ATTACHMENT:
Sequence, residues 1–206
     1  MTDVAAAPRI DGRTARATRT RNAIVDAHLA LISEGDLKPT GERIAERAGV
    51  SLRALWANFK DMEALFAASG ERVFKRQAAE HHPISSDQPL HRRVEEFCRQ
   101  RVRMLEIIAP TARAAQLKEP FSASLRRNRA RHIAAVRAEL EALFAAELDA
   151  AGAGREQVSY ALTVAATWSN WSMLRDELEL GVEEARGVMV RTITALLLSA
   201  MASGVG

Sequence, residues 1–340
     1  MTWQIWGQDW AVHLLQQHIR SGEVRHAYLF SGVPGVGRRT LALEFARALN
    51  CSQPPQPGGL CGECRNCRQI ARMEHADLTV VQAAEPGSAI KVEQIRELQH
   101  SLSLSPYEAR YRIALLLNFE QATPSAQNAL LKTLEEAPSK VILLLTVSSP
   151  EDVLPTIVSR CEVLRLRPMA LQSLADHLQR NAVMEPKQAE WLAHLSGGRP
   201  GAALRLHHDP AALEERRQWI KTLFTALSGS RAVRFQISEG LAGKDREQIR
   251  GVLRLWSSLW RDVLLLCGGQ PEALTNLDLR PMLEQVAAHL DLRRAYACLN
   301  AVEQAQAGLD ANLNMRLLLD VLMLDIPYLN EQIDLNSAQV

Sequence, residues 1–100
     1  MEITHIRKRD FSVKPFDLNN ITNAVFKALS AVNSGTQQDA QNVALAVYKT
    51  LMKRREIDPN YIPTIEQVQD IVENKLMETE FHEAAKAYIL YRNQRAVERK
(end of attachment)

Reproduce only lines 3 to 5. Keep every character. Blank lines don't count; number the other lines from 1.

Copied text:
    51  SLRALWANFK DMEALFAASG ERVFKRQAAE HHPISSDQPL HRRVEEFCRQ
   101  RVRMLEIIAP TARAAQLKEP FSASLRRNRA RHIAAVRAEL EALFAAELDA
   151  AGAGREQVSY ALTVAATWSN WSMLRDELEL GVEEARGVMV RTITALLLSA